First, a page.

REVIEW: ‘Sweet Heart,’ Issue #3

Reading Time: 3 minutes

Sweet Heart #3

Sweet Heart is a new series from Action Lab – Danger Zone that showcases how horror and fantasy can be used to tap into very real fears in life, namely when it come to chronic health issues. Sweet Heart #3 is written and created by Dillon Gilbertson, with art from Francesco Iaquinta, letters by Saida Temfonte, and colors by Marco Pagnotta. In the last issue, Gilbertson made it very clear that the story and the monsters in it worked as an allegory for living with diabetes, but did so while showcasing Maddie’s anger at her father for dying, and sadness of the lot he left her.

While last issue set some phenomenal ground for the lore of the series, the way the Stringers and Bruisers work, and worked to strengthened Gilbertson’s allegory, it also expertly began to map out who Maddie is as a person. Her trauma, anger and fear all coming to her through her family’s life with the monsters, the death of her father, and the way she’s bullies at school. Now, in Sweet Heart #3 Maddie goes hunting, catches up with an old enemy while visiting a family friend. Set 20 years after she was first chosen by the Stringer, she’s doing everything she can to fight back against the creatures Ellicott City town has long since surrendered to.

Sweet Heart #3 opens with Maddie and her grandmother training in the snow, an attempt to build a safety net for the Bruiser stalking her. It’s heartwarming to see them together, bonding through the monsters. As the story continues, you see that Maddie’s fight is out of resentment for her father, at least a little bit. While he just wanted to run away from the Stringer that chose him until it became someone else’s problem, Maddie is looking to fight it head on and survive.

Sweet Heart #3

As a series, Sweet Heart has now spanned two decades and two characters. It’s a feat that Gilbertson was able to keep the narrative so tight and connected across them. That said, Maddie’s growth is essential to her story and I honestly can’t see this story being written another way. Similarly, Iaquinta has been able to create different versions of characters and their families that never makes me question who they are, which is done mainly through Iaquinta’s ability to draw faces in an emotional way that makes them each distinct, no matter the size in the panel. While Maddie ages, her eyes are still hers.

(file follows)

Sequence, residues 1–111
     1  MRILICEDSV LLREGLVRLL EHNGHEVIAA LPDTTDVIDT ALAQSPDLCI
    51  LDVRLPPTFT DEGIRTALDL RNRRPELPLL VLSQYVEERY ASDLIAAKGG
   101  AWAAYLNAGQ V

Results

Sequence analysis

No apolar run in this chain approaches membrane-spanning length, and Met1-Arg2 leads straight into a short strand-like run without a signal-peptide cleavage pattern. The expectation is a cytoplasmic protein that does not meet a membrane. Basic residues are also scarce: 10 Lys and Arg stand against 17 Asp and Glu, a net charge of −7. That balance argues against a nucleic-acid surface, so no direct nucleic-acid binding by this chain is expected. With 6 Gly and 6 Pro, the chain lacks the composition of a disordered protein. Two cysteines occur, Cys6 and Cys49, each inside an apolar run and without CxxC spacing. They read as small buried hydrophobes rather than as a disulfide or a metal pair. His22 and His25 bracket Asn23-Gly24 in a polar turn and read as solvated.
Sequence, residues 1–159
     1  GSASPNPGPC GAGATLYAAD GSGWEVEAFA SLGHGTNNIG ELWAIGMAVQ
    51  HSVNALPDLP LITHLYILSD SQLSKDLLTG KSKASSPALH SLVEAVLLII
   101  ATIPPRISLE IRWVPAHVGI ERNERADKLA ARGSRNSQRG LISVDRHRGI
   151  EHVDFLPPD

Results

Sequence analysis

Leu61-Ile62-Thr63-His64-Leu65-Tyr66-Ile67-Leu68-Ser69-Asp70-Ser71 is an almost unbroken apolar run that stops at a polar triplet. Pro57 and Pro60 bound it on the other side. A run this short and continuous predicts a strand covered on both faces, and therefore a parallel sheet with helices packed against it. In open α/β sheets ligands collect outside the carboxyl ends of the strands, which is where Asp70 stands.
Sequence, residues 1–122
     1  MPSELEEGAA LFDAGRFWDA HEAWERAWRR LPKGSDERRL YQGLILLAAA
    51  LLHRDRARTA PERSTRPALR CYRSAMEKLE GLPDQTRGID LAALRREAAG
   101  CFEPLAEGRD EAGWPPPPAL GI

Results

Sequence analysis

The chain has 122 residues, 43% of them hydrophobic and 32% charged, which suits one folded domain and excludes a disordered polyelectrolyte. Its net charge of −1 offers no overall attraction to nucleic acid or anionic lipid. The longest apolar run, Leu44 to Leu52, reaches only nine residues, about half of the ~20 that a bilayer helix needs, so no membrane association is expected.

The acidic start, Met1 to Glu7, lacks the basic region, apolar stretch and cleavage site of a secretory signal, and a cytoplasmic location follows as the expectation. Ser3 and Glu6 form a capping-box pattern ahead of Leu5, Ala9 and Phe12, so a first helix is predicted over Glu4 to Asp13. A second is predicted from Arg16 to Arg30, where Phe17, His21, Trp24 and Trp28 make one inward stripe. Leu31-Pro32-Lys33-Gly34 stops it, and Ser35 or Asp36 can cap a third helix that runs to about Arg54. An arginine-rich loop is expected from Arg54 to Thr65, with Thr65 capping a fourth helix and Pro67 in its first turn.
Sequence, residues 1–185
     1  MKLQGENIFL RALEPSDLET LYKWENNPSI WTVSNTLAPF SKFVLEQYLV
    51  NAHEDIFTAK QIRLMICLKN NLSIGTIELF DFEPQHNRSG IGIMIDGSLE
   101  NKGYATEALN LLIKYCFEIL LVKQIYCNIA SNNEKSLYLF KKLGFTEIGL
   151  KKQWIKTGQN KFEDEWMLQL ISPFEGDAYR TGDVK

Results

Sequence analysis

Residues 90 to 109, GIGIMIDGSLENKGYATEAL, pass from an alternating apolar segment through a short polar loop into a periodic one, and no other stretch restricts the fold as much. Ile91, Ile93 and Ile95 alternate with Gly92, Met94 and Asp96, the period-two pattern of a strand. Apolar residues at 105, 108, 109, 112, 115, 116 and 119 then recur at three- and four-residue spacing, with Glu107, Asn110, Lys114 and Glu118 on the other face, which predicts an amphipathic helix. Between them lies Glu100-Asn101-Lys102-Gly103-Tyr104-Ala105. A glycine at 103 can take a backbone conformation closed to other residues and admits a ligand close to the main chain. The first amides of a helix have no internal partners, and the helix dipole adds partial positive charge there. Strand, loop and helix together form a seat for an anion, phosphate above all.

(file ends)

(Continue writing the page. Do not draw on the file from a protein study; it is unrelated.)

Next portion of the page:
Additionally, there are action sequences this issue that get to showcase the anatomy of the Stringer in a detailed way that brings us closer to the monsters. This issue turns Maddie into a monster hunter and it fits perfectly. That said, the one thing doesn’t is her impromptu romantic connection with an old friend. The dialogue in this sequence feels off, too fast, and unnecessary as of this issue. While I hope it fits into a larger plan that will work itself out in the remaining issues, here, it feels off and my only critique of the series so far.

Overall, Sweet Heart #3 is a great issue that pushes the series as a whole and gives us a new side of Maddie, one that has turned her rage and trauma into tools of survival. While this issue isn’t perfect, this series is a must by. Now, publishing weekly via ComiXology, it’s time for you to jump into it.

Sweet Heart #3 is available digitally through ComiXology.

Sweet Heart #3


Sweet Heart #3 is a great issue that pushes the series as a whole and gives us a new side of Maddie, one that has turned her rage and trauma into tools of survival.

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